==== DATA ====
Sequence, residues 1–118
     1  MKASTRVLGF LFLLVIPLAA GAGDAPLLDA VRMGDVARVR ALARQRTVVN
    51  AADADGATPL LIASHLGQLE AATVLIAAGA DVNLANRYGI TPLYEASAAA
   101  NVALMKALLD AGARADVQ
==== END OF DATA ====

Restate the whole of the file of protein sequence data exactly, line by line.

Sequence, residues 1–118
     1  MKASTRVLGF LFLLVIPLAA GAGDAPLLDA VRMGDVARVR ALARQRTVVN
    51  AADADGATPL LIASHLGQLE AATVLIAAGA DVNLANRYGI TPLYEASAAA
   101  NVALMKALLD AGARADVQ